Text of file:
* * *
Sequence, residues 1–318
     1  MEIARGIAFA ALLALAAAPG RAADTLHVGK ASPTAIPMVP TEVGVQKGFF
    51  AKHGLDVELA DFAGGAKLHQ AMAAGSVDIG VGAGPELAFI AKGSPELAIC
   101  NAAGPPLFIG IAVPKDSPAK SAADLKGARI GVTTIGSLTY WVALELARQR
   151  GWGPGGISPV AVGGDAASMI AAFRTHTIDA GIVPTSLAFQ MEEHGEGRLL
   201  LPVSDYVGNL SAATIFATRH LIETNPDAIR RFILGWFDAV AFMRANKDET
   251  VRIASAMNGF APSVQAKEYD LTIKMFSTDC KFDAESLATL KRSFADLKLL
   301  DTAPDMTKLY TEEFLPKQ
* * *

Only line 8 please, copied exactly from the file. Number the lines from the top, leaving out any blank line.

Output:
   301  DTAPDMTKLY TEEFLPKQ